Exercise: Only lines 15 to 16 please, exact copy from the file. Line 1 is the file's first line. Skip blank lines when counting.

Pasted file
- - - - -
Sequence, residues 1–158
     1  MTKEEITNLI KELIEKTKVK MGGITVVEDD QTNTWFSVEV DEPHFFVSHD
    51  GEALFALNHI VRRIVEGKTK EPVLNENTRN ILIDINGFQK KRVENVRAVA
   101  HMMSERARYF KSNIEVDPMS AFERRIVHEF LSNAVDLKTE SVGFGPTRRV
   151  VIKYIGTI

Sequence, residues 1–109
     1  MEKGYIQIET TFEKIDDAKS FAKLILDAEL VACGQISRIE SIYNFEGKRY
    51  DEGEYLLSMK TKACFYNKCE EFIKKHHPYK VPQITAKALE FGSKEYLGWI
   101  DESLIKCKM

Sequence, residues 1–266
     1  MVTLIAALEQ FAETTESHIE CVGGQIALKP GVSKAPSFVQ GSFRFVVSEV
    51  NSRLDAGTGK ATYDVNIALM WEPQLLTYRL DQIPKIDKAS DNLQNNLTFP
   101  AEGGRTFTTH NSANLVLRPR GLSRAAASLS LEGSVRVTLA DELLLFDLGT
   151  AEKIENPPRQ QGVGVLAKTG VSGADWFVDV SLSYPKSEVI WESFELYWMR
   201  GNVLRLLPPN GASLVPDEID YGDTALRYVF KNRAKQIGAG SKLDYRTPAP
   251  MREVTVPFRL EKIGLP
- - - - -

   201  GNVLRLLPPN GASLVPDEID YGDTALRYVF KNRAKQIGAG SKLDYRTPAP
   251  MREVTVPFRL EKIGLP